I am a sucker for lists, both a pleasure and bane of our online existence. In fact, let me tick off my top five reasons for loving such facile, reductive rankings of all things important and trivial.
Joking, folks, joking.
But two months ago, when my news feed was graced with a Runner’s World magazine piece titled “These are 25 of the Best Running Trails in the U.S.,” I knew if I clicked that I’d be inundated with spam, targeted ads and maybe invaded by Russian bots.
I clicked anyway.
And I’m pleased to report the Flagstaff is, indeed, represented on the list, which is not ranked numerically so as not to incite regional conflict among trail runners and scores of flaming online comments.
As you might have guessed, it was the Inner Basin Trail that had Runner’s World so smitten.
Was it chosen because of lush groves of a certain white barked arboristic eye-candy formally called Populus tremuloides?
You bet your aspen.
Locals, as well as autumnal leaf-peepers from the Valley and beyond, flock to the Inner Basin Trail each October to populate their Instagram accounts with photographs of quaking aspens whose coin-like leaves have transformed from green to gold as if through magic (or a natural breakdown in chlorophyll).
So popular are the quaking aspens that forest officials restrict entry the first two weekends on October, letting in only 100 cars at a time. At times during the fall rush, it might be better to put Inner Basin on a list of trails to avoid, since it’s hard to silently commune with nature when you’re part of a conga line of camera-toting leaf-lovers.
Therefore, may I suggest that early September may be a preferred time to make the trip up the eastern slopes of the San Francisco Peaks for some high-altitude, sub-alpine meanderings? The aspens are still there, of course, and though the leaves are green and not really quaking (or even rustling in the light breeze), the views remain sublime.
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The fall version of the golden aspens perhaps overshadow the less obvious merits of the 4.3-mile (one-way) trail traversing the inner portion of the volcano.
The stately ponderosa pines and Douglas firs? The verdant fields farmed by looming peaks above the treeline? That challenging rocky ascent to the high-elevation (10,900 feet) junction with the Weatherford Trail?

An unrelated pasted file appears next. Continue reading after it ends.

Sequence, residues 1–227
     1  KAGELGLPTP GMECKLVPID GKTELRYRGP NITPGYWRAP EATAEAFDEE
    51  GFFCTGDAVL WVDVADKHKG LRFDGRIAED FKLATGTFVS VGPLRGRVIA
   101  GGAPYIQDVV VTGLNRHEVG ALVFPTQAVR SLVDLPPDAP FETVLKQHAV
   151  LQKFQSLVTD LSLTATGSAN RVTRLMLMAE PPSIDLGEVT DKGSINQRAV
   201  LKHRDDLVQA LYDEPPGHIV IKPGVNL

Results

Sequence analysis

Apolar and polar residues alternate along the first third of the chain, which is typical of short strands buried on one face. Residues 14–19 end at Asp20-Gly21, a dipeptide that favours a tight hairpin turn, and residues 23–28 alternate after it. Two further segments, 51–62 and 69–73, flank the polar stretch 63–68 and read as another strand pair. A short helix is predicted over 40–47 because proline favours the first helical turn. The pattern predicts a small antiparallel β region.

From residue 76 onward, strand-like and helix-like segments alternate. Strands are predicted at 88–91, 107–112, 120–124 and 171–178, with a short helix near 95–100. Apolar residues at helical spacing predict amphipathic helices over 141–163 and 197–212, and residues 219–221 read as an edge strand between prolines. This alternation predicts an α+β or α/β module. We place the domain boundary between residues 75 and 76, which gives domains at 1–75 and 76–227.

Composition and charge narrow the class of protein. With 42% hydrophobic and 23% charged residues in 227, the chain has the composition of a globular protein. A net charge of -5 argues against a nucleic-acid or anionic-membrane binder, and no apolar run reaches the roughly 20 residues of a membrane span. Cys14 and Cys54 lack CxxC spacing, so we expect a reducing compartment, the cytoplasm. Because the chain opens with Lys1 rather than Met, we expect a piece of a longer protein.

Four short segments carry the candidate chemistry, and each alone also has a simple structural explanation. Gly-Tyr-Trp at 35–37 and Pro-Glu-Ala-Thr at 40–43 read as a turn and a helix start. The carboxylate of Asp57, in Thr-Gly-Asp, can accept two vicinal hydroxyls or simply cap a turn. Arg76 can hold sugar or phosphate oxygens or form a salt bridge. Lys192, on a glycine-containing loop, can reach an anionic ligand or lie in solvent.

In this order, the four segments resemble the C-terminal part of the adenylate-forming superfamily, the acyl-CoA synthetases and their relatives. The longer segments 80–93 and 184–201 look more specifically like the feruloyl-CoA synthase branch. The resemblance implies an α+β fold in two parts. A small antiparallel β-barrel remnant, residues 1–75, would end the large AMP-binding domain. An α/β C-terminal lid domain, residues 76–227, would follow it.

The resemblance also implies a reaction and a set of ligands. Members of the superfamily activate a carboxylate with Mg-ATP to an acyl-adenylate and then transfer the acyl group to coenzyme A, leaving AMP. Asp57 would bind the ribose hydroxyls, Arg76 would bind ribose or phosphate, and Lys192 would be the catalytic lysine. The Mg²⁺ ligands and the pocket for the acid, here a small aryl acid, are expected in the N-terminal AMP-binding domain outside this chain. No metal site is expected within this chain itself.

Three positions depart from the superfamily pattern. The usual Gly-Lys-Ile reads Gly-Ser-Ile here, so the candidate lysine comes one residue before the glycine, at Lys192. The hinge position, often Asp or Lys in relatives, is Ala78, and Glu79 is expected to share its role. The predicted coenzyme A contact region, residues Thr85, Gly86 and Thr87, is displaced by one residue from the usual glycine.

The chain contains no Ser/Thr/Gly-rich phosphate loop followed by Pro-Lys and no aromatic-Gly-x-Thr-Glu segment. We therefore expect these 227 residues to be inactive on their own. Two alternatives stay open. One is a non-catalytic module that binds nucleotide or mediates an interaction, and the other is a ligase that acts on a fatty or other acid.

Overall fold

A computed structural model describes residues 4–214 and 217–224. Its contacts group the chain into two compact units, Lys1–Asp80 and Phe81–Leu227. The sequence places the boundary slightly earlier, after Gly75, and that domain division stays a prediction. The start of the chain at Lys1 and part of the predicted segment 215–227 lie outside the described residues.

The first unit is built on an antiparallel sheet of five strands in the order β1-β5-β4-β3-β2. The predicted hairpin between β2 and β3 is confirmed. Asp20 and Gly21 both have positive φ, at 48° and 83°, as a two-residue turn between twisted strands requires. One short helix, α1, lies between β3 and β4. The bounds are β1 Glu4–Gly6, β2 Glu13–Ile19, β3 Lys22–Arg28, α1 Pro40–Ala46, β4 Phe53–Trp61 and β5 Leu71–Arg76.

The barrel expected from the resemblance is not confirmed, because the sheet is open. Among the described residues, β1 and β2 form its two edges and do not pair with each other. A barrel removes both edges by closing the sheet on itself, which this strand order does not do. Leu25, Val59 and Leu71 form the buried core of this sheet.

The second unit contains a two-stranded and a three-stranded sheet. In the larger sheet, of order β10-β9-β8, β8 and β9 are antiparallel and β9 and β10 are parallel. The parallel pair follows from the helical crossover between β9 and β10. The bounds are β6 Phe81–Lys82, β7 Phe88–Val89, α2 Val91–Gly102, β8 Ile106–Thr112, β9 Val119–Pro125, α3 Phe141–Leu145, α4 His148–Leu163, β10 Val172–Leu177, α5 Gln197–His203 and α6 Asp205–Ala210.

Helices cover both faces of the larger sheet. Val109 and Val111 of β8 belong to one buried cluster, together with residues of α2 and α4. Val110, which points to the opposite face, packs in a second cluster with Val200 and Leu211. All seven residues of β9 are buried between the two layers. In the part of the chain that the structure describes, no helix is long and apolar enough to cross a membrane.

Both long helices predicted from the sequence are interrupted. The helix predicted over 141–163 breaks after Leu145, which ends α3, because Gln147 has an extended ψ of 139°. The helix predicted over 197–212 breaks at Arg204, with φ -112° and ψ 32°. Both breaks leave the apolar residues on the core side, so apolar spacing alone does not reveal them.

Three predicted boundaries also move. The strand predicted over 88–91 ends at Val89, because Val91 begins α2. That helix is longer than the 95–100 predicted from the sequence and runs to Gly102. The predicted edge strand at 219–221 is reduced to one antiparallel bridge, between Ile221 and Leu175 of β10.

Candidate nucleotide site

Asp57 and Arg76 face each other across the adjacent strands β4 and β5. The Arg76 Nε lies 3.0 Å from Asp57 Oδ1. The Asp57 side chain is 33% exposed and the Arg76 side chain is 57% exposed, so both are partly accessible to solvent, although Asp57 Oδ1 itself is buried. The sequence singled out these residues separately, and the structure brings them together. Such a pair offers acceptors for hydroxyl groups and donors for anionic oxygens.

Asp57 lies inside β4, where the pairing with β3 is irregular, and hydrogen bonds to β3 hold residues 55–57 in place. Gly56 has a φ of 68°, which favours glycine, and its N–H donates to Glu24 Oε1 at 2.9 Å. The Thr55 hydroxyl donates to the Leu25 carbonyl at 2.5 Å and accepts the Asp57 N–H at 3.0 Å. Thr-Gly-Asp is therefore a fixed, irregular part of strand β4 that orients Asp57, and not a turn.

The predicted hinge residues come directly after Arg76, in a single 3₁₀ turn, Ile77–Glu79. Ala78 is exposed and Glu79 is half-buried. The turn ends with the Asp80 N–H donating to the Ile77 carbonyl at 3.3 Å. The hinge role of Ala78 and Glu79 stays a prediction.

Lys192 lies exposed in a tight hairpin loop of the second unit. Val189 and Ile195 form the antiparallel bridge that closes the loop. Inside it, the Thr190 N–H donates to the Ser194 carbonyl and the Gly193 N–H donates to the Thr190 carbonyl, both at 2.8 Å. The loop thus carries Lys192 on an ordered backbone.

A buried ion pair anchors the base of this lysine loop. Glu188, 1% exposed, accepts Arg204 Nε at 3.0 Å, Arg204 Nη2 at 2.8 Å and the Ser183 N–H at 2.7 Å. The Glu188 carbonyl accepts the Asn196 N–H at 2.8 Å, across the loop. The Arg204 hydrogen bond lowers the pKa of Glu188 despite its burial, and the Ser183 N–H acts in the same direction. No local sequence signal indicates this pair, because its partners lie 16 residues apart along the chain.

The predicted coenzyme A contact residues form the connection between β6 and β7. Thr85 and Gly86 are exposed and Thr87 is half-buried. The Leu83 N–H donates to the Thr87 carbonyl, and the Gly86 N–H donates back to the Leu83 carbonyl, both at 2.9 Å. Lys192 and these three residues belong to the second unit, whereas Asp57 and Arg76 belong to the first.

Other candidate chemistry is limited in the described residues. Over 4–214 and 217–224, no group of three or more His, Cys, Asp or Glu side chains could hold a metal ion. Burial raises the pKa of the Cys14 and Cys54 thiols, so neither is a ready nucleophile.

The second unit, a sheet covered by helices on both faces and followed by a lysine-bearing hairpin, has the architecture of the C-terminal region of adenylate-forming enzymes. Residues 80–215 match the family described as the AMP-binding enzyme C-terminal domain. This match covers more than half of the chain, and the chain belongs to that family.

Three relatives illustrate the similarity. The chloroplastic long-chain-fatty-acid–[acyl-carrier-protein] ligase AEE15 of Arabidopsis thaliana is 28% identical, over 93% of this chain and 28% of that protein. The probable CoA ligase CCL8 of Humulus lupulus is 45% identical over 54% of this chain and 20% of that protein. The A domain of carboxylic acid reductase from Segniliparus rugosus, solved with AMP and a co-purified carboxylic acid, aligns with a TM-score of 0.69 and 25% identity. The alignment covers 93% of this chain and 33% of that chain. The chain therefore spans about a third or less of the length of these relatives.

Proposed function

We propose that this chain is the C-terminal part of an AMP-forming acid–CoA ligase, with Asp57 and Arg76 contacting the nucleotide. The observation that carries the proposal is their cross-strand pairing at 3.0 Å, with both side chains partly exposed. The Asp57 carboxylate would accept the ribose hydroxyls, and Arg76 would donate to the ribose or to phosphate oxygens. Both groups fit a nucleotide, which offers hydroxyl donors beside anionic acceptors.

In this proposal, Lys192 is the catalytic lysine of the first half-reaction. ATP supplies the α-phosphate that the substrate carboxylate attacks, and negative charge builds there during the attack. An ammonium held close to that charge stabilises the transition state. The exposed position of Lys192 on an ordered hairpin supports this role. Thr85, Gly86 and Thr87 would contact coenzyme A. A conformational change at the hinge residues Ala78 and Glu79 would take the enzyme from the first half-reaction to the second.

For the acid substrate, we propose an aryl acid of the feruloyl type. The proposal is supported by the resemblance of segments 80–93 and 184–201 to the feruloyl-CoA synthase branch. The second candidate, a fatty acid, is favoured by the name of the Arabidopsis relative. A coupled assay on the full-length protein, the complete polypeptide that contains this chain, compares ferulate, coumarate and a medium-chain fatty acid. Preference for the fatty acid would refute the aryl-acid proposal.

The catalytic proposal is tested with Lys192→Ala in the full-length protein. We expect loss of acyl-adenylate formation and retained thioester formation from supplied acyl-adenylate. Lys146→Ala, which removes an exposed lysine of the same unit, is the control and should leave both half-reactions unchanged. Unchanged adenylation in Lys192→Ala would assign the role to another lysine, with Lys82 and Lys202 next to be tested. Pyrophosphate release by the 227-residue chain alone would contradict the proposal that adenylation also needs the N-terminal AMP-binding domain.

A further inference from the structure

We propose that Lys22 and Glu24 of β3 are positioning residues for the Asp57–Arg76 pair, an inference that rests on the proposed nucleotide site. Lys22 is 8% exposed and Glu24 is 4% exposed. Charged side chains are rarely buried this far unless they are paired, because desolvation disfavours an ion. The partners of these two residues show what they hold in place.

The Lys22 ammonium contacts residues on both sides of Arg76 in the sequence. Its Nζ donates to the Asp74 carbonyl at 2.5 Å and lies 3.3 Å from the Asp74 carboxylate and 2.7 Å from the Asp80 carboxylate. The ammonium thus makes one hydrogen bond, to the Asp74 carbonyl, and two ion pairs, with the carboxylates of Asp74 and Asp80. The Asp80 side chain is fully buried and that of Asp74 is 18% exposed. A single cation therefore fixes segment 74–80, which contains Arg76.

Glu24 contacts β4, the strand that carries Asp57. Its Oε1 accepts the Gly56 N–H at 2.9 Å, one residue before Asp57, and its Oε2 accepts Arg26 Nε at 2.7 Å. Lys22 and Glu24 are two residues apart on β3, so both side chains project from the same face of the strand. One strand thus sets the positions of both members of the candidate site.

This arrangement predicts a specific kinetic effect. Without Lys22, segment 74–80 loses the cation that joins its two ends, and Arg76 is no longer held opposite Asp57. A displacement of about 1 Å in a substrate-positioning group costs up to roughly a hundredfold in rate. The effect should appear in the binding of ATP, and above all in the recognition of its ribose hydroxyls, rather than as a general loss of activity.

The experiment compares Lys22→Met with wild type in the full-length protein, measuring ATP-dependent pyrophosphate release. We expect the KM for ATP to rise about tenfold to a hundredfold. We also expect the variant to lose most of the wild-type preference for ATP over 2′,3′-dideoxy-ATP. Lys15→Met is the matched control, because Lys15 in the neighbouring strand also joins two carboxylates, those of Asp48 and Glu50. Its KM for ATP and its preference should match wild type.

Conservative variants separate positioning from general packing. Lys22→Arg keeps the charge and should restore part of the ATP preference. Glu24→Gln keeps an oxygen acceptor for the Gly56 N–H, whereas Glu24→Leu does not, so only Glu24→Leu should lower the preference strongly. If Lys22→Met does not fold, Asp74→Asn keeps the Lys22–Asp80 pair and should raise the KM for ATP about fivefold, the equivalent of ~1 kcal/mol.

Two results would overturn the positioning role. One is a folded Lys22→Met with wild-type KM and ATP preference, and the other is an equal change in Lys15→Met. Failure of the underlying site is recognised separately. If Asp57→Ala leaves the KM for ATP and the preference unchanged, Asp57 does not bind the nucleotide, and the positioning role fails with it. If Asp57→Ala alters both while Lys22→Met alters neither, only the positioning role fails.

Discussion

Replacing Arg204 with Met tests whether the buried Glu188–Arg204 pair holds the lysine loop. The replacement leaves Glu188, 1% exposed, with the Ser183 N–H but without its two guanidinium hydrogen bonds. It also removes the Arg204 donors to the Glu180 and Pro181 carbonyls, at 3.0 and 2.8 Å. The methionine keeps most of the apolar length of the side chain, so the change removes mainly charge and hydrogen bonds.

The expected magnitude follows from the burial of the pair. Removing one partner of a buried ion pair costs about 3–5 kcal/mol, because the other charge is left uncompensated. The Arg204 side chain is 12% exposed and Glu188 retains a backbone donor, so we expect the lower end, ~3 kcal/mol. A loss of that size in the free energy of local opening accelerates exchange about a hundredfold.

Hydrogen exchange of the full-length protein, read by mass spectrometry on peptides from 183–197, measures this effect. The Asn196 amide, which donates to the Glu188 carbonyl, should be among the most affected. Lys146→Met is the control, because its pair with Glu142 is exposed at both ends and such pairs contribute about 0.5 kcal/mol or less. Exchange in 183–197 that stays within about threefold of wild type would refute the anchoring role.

Yeah, OK, fine. Great stuff. But give us the white-trunked aspens shimmering like gold coins, and make sure they’re quaking on cue, buddy.
Those familiar with the Inner Basin Trail know that the aspens make up only about a quarter of the trail. First sightings come about a half-mile from the trailhead at Lockett Meadow, and they proliferate after about a mile, when runners and hikers feel enveloped by them on a series of switchbacks.
But at 1.8 miles, when you hit Water Line Road, the show’s mostly over. It can feel like a comedown for some — and, frankly, many choose to end their Inner Basin trek right there, and retrace steps back to the trailhead — but if you stick with it, the final 2.4 miles of the trail will keep you engaged. After you veer slightly left at several forest service sheds, the forest opens up into a lush meadow that might make you feel the urge to dress in lederhosen, blow an alphorn and yodel. There are still aspens about, not to mention plenty of pines, but you aren’t wending your way through them; they, instead, serve as a boundary as you ascend toward the peaks looming ahead.
If you hear rushing water on this section of the Inner Basin Trail, but can’t find its source on a bone-dry morning, it’s probably coming from a pump house from a well drilled in the early 1970s to supply the city with water. You follow the partially exposed pipe for a little ways (not exactly aesthetically pleasing) but it eventually is buried underground.
Those to whom climbing and rock gardens are anathema might want to turn back here. There’s about 1,500 feet of elevation gain in the final 2-mile climb to Weatherford, and parts of it can be a slog of loose boulders and jagged rock in exposed sun. But there’s a certain sense of accomplishment when the rocks recede the close you get to the ridge. The final 0.3 of a mile climb is a shaded, duff covered respite — though lung-bustingly steep.
None of that difficulty is mentioned in the Runner’s World “listicle” — doesn’t fit the quaking-aspen narrative, perhaps. But at Weatherford, you have the option to wander farther afield -- another 3.6 miles to Humphreys Peak, if you dare. Most, however, use this as the turnaround point.
The aspens await you once more on the trip back downhill. As does the narrow, 3-mile drive on a dirt road back to Highway 89.
A note about the drive: Do not listen to online alarmists on websites such as www.alltrails.com who claim that passenger cars cannot make the steep, rutted drive. I saw many sedans chugging along just fine. The potholes were manageable and motorists were polite in yielding right of way on curvy stretches.
That just goes to show that you should not always take online pronouncements at face value — though I can confirm that Runner’s World was right; the Inner Basin Trail deserves its plaudits.